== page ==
William Robinson Leigh
The Vision Seeker, 1912
Oil on canvasboard
The piece above is one that was able to grasp my attention from the moment I saw it. There just seems to be such simplicity about it, yet through this simplicity a type of wonder that it inspires in its viewers. Upon first seeing this painting I was drawn towards the person, seemingly deep in thought. The colors of his or her shawl standing in stark contrast to the brightness of what is in the background. Then from here my eyes were pulled along the horizon, along the eyeline of the person into the colorful sky illuminated by a sun peaking over the distant edge of the water. I was able to view the painting first and was then curious of the title, which fittingly enough reads The Vision Seeker by William Robinson Leigh.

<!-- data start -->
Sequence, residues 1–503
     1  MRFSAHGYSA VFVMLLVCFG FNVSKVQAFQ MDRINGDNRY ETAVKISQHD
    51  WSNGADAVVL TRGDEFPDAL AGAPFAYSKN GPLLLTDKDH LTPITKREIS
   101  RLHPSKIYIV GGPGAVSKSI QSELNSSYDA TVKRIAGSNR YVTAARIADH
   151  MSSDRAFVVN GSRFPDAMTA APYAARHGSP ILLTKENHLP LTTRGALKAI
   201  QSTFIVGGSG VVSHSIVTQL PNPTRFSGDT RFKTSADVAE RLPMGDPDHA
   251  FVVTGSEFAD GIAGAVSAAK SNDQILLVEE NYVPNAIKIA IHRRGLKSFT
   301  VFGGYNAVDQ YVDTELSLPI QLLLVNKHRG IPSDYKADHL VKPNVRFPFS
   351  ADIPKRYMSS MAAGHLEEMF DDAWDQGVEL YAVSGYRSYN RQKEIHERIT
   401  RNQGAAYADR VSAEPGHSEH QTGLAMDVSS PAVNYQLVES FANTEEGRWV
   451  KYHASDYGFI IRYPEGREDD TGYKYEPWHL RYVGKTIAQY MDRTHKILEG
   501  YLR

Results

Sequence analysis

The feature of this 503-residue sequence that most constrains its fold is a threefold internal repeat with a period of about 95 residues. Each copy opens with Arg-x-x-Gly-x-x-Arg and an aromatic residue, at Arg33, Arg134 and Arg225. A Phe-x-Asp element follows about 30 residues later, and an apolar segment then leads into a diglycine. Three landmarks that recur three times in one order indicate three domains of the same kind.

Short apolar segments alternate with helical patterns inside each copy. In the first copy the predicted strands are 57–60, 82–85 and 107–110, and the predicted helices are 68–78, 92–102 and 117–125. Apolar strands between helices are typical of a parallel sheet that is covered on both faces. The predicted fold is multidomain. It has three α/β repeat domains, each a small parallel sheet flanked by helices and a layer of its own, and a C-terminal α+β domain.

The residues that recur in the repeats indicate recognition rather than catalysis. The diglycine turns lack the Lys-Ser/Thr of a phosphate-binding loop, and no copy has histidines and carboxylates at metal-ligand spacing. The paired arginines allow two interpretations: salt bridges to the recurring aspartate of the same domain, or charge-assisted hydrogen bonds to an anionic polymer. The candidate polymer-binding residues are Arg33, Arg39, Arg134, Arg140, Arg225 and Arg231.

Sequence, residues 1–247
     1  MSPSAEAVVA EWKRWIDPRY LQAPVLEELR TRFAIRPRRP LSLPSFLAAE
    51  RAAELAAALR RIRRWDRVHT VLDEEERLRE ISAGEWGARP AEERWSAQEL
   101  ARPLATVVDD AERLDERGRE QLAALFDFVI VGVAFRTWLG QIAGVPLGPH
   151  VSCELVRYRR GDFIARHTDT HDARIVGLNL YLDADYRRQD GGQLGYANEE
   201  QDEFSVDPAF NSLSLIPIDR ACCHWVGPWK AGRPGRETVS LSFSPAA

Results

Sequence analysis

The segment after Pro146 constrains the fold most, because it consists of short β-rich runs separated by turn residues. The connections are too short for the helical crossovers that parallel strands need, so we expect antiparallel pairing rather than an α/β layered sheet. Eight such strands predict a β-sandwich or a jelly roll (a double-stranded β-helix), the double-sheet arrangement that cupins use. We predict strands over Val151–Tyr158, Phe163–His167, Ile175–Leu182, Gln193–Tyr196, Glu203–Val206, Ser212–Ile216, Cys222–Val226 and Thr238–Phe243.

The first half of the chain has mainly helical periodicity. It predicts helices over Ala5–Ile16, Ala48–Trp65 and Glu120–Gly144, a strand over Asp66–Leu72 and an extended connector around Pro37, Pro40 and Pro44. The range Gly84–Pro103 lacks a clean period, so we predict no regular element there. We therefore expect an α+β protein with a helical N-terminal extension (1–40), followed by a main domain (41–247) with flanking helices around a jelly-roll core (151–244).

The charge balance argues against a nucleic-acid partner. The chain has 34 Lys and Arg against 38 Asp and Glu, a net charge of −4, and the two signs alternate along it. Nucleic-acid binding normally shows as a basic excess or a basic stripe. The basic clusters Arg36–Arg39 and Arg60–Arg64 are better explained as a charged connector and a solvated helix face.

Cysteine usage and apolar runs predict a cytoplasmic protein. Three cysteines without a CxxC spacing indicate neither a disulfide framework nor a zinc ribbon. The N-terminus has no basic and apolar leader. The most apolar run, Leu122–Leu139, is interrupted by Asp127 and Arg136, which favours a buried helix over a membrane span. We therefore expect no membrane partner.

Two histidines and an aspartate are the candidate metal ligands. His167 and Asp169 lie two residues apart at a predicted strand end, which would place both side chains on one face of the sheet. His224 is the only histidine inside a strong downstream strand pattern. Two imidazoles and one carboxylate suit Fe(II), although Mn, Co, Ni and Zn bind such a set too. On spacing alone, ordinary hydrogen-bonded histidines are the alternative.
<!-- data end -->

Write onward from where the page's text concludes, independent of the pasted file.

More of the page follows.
Considering both the title and the simple path he guides our eyes along, the aim of this artist seems clear. He depicts a person immersed in the beauty of the natural world in an effort to draw a type of inspiration or vision from it. As a student in a class analyzing the anthropocene, I believe that this is an excellent depiction of an argument that has come up multiple times throughout our semester: the intrinsic value of nature vs. the instrumental value of nature. Upon thinking about this this painting I pondered this argument, trying to shed some light on the stance that perhaps the person in the paining might have, and I couldn’t help but ask myself a thought provoking question. Could it be possible that the intrinsic value that this person wholeheartedly places on nature be a means by which they find an instrumental value in it, i.e. discovering inspiration or a vision? And while it is unlikely that this was the primary thought of the artist upon creating this piece, I think what he was trying to portray was the intrinsic beauty and value in nature that many of us regard as precious regardless of the instrumental gain we can reap from it.